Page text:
Speeding up Suricata with tcmalloc

‘tcmalloc’ is a library Google created as part of the google-perftools suite for speeding up memory handling in a threaded program. It’s very simple to use and does work fine with Suricata. Don’t expect magic from it, but it should give you a few percent more speed.

On Ubuntu, install the libtcmalloc-minimal0 package:

apt-get install libtcmalloc-minimal0

Then run Suricata as follows (on a single line):

LD_PRELOAD=”/usr/lib/libtcmalloc_minimal.so.0″ ./src/suricata -c suricata.yaml -i eth0

That is all there is to it. :)

Improving Suricata performance with bitmask based signature prefiltering

The last weeks I’ve been spending quite a bit of time improving Suricata’s performance, making good progress. I did a lot of optimizations all over the code, but the most significant is a new way of prefiltering signatures for inspection. I’ll briefly explain the concept here.

But first a quick explanation of how Suricata selects signatures for inspection. When Suricata starts, it organizes signatures into groups, called SigGroupHead in the code. To reduce the number of signatures that need inspection for each packet, the grouping is done on quite a few properties: flow direction, protocol, src ip, dst ip, src port, dst port. Even though this grouping is quite aggressive, a single SigGroupHead can still contain many thousands of signatures. For example Emerging Threats web-client sigs will almost all end up in the same SigGroupHead.

To reduce the overhead of checking the signatures a more efficient prefiltering mechanism was added.

The bitmask prefilter

The basic concept is simple. Each signature creates a bitmask at engine initialization time, setting a bit for each “feature” it requires to match. Examples of such features are: needs payload, needs flowbit set, needs flow, needs http state.

Then at runtime, we create a mask for each packet. There we set flags for when the packet has a payload, has a flow associated with it, the flow has flowbits, etc. This operation is quite cheap as it needs to be done for each packet only once and requires only relatively simple checks.

The final step of this process is we compare the mask of each signature in a SigGroupHead against the mask of the packet.

if ((packetmask & sigmask) != sigmask)
skip_this_signature();

Using this filter, using flowbits becomes much more attractive. Most flows don’t have flowbits set, so this effectively excludes all signatures requiring flowbit from being checked almost all the time.

In the current git master (soon to become 1.0.3) this mask is only 8 bits wide of which only 5 are used. I’m experimenting with using more fine grained bitmasks.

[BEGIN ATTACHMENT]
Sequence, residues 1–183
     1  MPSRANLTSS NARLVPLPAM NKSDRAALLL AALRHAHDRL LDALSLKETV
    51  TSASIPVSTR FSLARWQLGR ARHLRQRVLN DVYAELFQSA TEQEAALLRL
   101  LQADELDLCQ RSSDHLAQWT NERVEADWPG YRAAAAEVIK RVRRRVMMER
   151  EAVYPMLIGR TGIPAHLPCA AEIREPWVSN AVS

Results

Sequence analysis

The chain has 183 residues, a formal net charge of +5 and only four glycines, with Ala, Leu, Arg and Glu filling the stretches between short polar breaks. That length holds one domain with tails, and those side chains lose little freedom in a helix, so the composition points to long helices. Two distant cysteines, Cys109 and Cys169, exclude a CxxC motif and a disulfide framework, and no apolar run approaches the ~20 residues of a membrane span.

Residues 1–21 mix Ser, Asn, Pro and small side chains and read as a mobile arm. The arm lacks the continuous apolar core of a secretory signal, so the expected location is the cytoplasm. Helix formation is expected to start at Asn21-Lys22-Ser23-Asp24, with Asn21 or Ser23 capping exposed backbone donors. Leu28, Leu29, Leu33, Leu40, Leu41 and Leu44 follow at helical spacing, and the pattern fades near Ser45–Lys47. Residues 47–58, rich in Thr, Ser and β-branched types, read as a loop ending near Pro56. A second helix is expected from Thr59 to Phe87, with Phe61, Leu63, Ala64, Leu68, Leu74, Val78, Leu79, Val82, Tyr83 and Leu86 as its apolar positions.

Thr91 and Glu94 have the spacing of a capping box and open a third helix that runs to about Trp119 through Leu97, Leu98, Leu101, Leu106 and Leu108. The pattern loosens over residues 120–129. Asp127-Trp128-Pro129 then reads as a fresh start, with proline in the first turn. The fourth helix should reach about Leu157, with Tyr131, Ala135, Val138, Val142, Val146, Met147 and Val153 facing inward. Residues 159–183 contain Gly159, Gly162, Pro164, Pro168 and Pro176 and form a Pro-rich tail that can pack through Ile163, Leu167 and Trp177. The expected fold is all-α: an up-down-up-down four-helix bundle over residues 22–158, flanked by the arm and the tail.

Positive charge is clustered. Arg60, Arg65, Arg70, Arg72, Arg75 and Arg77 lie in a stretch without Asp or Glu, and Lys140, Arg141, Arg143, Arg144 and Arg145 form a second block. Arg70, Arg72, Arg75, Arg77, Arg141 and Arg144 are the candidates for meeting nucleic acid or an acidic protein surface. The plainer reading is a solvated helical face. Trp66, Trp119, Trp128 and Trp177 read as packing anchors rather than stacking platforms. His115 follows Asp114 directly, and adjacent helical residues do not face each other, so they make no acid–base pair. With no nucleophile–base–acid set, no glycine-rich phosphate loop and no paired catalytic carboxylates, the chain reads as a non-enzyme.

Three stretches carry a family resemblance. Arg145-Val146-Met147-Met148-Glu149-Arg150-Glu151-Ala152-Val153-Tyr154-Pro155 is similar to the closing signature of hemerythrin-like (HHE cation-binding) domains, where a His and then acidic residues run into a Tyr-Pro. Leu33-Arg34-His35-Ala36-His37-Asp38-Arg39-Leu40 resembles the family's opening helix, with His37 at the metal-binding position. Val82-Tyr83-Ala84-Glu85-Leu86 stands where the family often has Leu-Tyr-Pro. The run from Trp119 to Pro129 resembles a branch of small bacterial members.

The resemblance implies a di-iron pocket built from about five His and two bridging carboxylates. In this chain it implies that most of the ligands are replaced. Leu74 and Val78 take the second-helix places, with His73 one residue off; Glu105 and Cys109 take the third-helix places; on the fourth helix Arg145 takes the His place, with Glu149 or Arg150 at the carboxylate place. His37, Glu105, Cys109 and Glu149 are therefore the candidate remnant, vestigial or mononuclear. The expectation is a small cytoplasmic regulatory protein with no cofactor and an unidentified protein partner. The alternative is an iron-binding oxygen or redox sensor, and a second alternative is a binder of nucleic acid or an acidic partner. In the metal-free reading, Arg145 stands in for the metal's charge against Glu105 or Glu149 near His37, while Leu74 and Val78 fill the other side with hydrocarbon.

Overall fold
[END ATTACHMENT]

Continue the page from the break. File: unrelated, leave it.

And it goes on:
SigGroupHead based masks

One idea I’m exploring currently is seeing if there is any use in additionally creating a single mask for a SigGroupHead. The idea here being that if many signatures in a group are alike, the SigGroupHead will have a strong mask and we can bypass all signature checking for a packet quite often. This would bypass pattern matching as well.

Preliminary results show that the idea works, but only for small & homogeneous rulesets. For a 38M pkt pcap, with just emerging-web.rules I see about 40% of the packets bypassing all signature checks. For emerging-all.rules it’s less that 1%, and for a larger ruleset (14k sigs) it’s 0%. So it may not be a viable optimization.

More conditions

I’m also experimenting with increasing the number of conditions. So far, I’ve defined about 20. This way all TCP signatures at least have some form of condition set. A single signature with mask 0 (no conditions set) kills the SigGroupHead based filtering, as it’s mask is determined by the lowest common denominator. So far I’m not seeing much if any gains from using more conditions.

Maybe the increased size of the mask to 32 bits undoes performance gains, or the added complexity of the mask creation at packet runtime is too expensive.

SIMD checks

On other thing I’m planning to explore is to see if SIMD can help speed up these bit checks. The SSE extensions should be able to do multiple checks at the same time. Here the mask size will become important as well. As SIMD currently works with 16 bytes at a time, for a 8 bit mask I could check 16 sigs at once, but for a 32 bit mask only 4 at once. I’m not sure it’ll be worth it though. CPU’s are quite good at doing bitwise operations, to SIMD instructions might not be faster at all.

The initial version of the bitmask based prefilter code is available now in the current git master. If you’re interested, please give a try and let me know how it works for you!